In the first two parts of this series, we surveyed various routes to teacher certification and discussed the challenges of learning to manage a classroom. New teachers also need targeted coaching, opportunities to collaborate with and observe experienced teachers, and help with lesson-planning.
Keeping order in the classroom may be the toughest skill for new teachers to master, but lesson-planning is probably a close second.
“Mark,” who quit seven weeks into his first year of teaching at a high-poverty DCPS elementary school, said that he had only a week to plan lessons before school started, with the result that it was a struggle to stay one step ahead of the students. He would routinely put in 10- or 12-hour days, sometimes waking at 3:30 a.m. and arriving at school at 6 a.m., two hours before students.
One problem was that he had planned to teach middle or high school science, not elementary school. So his summer training through an alternative certification program was geared to that subject and age group. He was unfamiliar with the elementary grade-level standards and curriculum, and it seemed that no one was available to explain them to him. With no other teachers at his school teaching the same grade he was, he couldn’t benefit from their experience.
Matching up training with what teachers will actually be doing is a problem for almost all teacher-training programs, since teachers usually don’t have a job lined up when they’re training.
Kylie Hiemstra, a DCPS teacher who came to teaching after earning an undergraduate degree in education, also encountered that problem. She completed her student teaching in a third-grade classroom but got a job teaching first grade, which she found to be very different. She did her training in Virginia, which uses a different set of standards than D.C.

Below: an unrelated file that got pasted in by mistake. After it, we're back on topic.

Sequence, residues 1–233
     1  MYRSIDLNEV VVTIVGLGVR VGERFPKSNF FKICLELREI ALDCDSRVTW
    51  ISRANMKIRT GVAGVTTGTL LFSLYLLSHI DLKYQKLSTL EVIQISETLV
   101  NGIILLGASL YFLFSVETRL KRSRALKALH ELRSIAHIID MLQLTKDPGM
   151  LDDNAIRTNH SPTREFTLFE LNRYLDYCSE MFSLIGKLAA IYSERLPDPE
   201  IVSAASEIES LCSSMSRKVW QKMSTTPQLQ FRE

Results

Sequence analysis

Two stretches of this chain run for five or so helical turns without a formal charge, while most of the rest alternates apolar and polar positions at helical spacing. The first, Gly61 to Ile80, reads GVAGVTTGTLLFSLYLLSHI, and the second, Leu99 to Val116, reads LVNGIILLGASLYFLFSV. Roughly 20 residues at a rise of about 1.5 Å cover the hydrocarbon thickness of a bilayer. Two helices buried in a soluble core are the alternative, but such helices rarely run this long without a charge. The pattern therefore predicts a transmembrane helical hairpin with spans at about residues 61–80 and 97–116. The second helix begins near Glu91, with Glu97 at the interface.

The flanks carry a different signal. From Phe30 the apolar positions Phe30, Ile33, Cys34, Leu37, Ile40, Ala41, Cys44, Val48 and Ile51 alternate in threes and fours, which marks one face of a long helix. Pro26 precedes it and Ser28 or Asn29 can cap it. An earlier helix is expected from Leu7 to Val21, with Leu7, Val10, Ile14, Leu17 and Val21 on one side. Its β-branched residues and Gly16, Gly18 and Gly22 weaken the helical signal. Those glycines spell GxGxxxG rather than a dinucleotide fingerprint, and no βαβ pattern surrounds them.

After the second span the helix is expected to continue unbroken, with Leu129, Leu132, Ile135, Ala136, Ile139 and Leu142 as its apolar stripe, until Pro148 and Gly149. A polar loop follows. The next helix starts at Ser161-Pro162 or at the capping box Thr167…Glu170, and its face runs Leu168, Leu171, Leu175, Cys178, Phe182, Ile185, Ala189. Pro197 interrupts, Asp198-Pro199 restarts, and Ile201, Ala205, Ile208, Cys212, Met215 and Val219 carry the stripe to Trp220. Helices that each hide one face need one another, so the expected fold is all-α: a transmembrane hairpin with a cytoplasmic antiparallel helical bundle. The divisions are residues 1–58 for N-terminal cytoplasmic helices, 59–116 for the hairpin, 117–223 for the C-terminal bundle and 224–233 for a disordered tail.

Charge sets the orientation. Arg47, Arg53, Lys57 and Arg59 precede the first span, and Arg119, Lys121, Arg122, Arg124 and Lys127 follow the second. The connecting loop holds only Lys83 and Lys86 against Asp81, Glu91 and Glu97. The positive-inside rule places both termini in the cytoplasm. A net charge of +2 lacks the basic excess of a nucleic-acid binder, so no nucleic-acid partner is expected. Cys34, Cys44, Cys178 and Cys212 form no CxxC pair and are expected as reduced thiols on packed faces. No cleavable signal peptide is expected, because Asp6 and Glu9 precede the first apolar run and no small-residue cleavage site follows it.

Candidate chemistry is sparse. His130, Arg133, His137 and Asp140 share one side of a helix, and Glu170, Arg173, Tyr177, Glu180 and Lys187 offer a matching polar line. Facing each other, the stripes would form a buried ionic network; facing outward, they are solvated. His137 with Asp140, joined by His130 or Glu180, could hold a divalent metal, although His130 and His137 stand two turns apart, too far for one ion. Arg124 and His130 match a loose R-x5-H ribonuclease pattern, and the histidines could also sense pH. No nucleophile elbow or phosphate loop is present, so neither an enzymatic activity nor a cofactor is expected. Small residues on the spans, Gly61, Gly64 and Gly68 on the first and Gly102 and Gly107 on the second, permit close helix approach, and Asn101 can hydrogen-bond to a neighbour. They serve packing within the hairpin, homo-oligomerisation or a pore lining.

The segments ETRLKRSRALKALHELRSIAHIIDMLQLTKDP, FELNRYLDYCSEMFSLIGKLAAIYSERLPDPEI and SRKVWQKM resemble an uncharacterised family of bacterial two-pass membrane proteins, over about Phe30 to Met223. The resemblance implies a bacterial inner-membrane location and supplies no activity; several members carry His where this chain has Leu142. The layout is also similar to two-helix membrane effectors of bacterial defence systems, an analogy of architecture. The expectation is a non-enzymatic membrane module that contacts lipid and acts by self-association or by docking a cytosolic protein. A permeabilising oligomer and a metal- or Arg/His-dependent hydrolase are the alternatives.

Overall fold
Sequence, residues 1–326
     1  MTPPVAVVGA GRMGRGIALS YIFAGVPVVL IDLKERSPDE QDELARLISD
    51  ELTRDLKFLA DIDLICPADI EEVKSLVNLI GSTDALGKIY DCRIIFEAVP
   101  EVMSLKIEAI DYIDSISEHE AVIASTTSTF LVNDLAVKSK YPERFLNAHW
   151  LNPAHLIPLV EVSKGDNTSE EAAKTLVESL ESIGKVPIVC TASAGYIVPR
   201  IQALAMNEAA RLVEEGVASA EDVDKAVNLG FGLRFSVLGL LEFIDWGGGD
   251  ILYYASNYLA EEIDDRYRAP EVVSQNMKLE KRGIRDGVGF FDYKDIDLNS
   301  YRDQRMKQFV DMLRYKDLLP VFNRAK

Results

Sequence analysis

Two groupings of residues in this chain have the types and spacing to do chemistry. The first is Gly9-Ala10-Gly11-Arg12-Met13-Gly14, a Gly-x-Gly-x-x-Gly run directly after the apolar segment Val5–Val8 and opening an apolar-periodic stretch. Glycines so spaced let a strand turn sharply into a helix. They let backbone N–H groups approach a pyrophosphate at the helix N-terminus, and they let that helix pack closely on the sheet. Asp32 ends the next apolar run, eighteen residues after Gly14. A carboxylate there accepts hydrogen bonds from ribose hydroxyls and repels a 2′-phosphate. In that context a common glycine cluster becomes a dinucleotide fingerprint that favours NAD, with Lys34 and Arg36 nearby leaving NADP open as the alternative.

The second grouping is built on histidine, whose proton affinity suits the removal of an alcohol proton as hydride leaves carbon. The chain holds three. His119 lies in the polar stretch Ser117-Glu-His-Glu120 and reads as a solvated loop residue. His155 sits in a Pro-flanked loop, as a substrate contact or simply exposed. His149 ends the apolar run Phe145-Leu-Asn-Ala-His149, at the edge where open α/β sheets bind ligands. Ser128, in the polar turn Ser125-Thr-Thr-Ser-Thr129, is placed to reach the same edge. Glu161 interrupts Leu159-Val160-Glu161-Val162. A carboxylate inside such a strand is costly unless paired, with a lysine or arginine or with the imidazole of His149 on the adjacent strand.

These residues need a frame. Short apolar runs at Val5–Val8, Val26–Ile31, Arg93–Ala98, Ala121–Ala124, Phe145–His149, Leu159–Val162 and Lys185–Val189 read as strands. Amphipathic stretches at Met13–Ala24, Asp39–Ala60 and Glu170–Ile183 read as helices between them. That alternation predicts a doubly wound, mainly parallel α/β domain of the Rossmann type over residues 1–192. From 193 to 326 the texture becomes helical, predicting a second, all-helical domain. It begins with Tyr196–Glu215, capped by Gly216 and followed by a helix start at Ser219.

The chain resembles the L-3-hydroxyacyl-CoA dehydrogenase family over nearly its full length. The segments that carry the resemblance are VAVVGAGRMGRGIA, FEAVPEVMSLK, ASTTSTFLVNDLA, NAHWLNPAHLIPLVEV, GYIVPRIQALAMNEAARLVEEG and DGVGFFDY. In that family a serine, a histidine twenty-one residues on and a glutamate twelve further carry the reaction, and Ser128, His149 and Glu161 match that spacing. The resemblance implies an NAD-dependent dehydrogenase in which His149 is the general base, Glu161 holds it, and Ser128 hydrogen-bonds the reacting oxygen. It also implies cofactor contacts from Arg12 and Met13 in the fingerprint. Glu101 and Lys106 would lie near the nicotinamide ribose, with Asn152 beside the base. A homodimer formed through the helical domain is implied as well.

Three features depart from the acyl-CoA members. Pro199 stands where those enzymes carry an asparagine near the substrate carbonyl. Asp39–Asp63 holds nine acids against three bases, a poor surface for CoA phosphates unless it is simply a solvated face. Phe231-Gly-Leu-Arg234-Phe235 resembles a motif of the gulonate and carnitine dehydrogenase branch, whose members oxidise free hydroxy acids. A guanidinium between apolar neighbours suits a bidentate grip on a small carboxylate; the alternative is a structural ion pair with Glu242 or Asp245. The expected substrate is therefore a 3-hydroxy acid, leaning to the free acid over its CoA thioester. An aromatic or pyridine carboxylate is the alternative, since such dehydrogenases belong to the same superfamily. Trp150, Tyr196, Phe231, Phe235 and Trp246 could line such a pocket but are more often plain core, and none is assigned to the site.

But at Hiemstra’s school, John Eaton in Cleveland Park, there are two other first-grade teachers, both veterans. She meets with them regularly, asks them “a lot of questions” and has had a chance to observe their classes.
Meghan Quigley, in her first year of teaching at a D.C. charter school, is constantly bouncing ideas off the two other fourth-grade math teachers there. The school, Achievement Prep, encourages that back-and-forth by putting teachers’ desks in a common workroom rather than in their own classrooms.
“Greg,” a third-year teacher at a D.C. charter school who is a Teach for America veteran, says that all first-year teachers need help planning lessons. Even if their training corresponds to what they’re teaching, they’re unlikely to know the material well enough to create good lesson plans. Experienced teachers at the school should share their plans, he says. Or, failing that, new teachers should look to online sources such as Betterlesson.com and LearnZillion for good templates for their grade level and subject.
So, is there a method of teacher training that will reliably produce terrific first-year teachers? It may be too soon to know. Residency programs, which train new teachers by having them apprentice alongside an experienced teacher for a year, hold promise.
But they’re still too new and too small to yield enough data to draw definitive conclusions. And, says Michael Goldstein, a founder of the Match Teacher Residency program in Boston, it all depends on whether they’re done well.
[Continue reading Natalie Wexler's post at Greater Greater Education.]
Natalie Wexler is the editor of Greater Greater Education. She is a member of the boards of D.C. Scholars Public Charter School and the nonprofit One World Education. The Local Blog Network is a group of bloggers from around the D.C. region who have agreed to make regular contributions to All Opinions Are Local.